Jeff Bridges Interview
Jeff Bridges Interview

Starring In

True Grit (M)

Release Date

03 Feb 2011

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Renowned for playing The Dude in the cult hit The Big Lebowski (also by the Coen brothers) Jeff Bridges' CV features a seriously eclectic mix of characters, from computer gamer and designer in the Tron films, to the owner of the winning racehorse in Seabiscuit. Having been on the acting scene for the best part of 50 years, he has maintained his status as a contemporary actor, with roles in recent films such as Iron Man, The Men Who Stare at Goats and Crazy Heart. Here he talks to Donna Walker-Mitchell about his latest role as the gruff Marhsal Rooster Cogburn in the Coen brothers' True Grit.

What made you want to do this film, True Grit ?

Jeff Bridges

It was the Coen brothers really (Joel and Ethan). They’re great writers, for one thing. The dialogue they write feels very real and appropriate for the story they are telling. I worked with them on The Big Lebowski [in 1998] and people often think there was a lot of improvisation on that movie, but all of those lines were scripted. They’re incredible.
I’d been dying to work with the Coen brothers again. Whenever they invite you to come play, you know it’s going to be so cool...
You play Marshal Reuben J ‘Rooster’ Cogburn who seems quite tough and hard. How easy or difficult was it to empathise with him?

Jeff Bridges

Well, I’m not hard. [Laughs] I think being hard means being gruff, mean and that you don’t like too many people. That’s not me. I like people and I’m more light and airy. I’m not hard in any way. He’s a wonderful character and he’s fascinating. He’s kind of full of himself and standoffish when you first meet him. But it turns out, he loves talking about himself, he’s probably starved for company and he likes a drink.
John Wayne won an Oscar for this part in the 1969 film. How much of a challenge was it to make this role your own?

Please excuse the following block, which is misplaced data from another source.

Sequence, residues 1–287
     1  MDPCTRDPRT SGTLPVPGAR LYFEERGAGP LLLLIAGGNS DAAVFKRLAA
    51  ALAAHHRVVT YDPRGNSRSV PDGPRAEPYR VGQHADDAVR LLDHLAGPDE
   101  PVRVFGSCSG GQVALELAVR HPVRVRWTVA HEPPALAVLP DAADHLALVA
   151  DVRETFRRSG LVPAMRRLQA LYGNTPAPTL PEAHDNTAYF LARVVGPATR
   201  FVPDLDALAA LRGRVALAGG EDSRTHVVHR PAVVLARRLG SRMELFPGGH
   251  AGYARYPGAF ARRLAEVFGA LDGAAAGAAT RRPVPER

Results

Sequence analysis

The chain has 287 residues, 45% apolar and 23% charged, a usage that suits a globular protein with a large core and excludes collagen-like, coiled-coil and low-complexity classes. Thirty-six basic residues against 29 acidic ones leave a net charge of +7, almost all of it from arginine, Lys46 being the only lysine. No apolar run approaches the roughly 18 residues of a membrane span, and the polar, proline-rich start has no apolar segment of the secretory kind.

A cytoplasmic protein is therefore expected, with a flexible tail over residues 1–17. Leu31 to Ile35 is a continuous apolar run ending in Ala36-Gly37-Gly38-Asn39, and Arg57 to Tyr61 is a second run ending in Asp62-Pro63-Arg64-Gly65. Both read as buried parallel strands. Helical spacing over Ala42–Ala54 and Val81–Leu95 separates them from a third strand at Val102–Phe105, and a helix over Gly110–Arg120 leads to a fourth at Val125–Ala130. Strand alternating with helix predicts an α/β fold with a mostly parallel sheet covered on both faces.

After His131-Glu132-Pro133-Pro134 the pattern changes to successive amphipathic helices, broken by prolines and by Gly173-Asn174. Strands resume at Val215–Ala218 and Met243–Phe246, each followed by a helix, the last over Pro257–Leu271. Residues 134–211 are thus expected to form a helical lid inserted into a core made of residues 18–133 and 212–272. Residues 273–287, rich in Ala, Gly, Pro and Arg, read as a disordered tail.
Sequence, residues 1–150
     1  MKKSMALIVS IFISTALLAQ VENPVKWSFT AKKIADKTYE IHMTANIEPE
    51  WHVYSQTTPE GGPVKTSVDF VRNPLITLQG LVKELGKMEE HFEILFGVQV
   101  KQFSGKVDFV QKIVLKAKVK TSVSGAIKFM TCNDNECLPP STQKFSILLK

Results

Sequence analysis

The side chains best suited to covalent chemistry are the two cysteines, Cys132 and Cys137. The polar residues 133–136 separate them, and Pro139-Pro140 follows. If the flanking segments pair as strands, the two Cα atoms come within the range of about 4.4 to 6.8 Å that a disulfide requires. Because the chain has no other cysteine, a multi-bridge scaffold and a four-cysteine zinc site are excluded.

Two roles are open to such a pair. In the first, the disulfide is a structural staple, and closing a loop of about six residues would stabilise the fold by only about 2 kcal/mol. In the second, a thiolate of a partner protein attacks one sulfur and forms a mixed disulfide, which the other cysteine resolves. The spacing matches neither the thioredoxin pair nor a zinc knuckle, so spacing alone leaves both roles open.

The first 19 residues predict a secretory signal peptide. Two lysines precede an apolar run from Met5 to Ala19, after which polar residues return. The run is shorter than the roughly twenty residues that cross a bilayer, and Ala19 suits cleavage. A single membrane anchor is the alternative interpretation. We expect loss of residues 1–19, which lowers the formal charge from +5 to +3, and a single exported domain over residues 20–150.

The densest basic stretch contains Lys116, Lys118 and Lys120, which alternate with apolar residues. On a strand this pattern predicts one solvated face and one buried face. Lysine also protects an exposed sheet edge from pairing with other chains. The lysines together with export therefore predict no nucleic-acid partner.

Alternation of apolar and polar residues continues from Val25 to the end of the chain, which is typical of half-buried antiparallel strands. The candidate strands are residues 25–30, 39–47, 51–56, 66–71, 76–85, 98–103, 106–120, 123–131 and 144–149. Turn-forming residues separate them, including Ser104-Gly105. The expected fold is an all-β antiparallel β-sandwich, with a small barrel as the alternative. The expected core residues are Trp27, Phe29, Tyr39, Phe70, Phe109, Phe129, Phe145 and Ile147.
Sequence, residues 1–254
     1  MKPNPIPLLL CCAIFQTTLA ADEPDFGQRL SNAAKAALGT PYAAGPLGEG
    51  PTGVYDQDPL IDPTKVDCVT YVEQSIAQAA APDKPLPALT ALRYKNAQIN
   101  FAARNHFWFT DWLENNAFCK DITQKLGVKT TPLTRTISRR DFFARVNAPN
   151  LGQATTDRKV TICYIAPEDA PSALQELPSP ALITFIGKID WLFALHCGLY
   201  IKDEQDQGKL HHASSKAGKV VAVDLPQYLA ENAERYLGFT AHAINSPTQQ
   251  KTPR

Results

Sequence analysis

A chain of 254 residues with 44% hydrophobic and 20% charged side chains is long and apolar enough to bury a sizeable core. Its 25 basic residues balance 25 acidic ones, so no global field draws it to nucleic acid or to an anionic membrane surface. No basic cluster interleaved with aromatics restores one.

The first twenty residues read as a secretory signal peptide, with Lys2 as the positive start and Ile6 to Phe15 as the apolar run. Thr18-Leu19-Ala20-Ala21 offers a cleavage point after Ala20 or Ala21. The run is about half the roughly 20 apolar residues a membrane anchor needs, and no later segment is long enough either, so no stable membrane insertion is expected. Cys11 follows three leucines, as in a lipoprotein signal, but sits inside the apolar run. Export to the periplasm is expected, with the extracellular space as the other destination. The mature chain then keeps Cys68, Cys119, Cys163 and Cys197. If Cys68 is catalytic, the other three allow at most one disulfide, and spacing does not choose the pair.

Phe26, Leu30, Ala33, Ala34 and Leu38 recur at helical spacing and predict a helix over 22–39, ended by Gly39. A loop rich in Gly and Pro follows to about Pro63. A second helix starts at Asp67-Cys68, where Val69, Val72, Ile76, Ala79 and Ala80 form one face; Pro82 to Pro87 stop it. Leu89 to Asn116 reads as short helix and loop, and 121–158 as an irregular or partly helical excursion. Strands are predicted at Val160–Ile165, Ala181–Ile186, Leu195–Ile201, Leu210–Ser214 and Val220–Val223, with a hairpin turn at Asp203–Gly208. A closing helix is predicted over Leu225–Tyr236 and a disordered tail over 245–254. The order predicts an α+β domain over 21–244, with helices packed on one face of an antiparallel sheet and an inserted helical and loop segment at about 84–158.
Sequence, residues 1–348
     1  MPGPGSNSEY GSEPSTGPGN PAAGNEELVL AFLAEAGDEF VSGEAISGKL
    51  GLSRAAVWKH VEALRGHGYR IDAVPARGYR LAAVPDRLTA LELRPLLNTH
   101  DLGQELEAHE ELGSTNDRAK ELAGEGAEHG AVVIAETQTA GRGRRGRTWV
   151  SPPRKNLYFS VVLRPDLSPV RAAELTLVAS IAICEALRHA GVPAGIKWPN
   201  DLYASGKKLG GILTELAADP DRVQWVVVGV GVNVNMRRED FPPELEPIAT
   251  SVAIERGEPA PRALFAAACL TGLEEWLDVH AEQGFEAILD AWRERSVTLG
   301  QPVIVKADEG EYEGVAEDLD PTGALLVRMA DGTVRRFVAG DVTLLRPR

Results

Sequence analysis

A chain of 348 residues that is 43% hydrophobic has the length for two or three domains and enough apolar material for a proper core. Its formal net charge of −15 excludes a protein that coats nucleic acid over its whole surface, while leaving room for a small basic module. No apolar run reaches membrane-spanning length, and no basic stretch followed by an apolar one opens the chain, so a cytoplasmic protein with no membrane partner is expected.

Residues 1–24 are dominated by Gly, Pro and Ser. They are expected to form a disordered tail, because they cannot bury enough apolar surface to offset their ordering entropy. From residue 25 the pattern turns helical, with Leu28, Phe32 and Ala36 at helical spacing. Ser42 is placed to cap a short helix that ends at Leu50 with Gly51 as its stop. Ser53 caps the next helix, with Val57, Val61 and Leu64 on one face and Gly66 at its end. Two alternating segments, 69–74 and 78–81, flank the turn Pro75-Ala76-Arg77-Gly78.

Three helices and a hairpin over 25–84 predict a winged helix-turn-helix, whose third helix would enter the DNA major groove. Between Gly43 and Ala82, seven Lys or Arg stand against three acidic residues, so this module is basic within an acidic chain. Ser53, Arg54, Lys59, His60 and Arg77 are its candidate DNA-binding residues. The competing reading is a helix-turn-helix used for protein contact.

Jeff Bridges

The first bit of direction the Coen brothers gave me, because I was curious as to why they wanted to do a remake of this classic western, was ‘We’re not making a remake of the western. We’re referring to the book that Charles Portis wrote.’ I read the book and then I knew what they were talking about. It’s a wonderful book and it’s not something unlike the Coen brothers might make. I could instantly see them doing it. I didn’t refer to the John Wayne movie.
Is that because you didn’t want him influencing your own version of Rooster?

Jeff Bridges

Well, John Wayne is such an important figure in cinema, but I really took the Coen brothers’ direction to heart. I never thought ‘How did John Wayne do this?’ I didn’t mess with that at all. I just did it as if there had never been any other movie basically.
Is a lot of the script directly from the book?

Jeff Bridges

Yes, it is. I think in the original film, they used dialogue from the book too and no wonder because the dialogue from the book is just wonderful.
What was the best thing for you personally about making True Grit?

Jeff Bridges

One of the best things about doing this movie was that I invited my daughter Jessie to be my assistant so she was with me every step of the way. She plays guitar, sings and writes and we even put on a few concerts while I was doing this film. We did one concert in Sante Fe which was terrific.
You also shot Crazy Heart in Sante Fe, right?

Jeff Bridges

I did. Actually, I stayed in the very same house again while making True Grit. It was like coming home again.
You’ve worked with some incredible directors in your career. What makes the Coen brothers so special for you?

Jeff Bridges

Each director is so unique, but I love working with the Coen brothers. They create an atmosphere on set which is very relaxed and pleasant. They surround themselves with people they have worked with many times before so there was a real family atmosphere.
Matt Damon said yes to this film before he even saw a script. Did you feel the same way?

Jeff Bridges

Well, when I first heard about True Grit, I was in the middle of making Tron. It’s always disconcerting and kind of pisses me off when I get offered a movie while I’m making a movie, especially when it’s a movie that really sounds interesting. I knew as soon as I heard about it that I was going to like it. I’d been dying to work with the Coen brothers again for so long. Whenever they invite you to come play, you know it’s going to be so cool.
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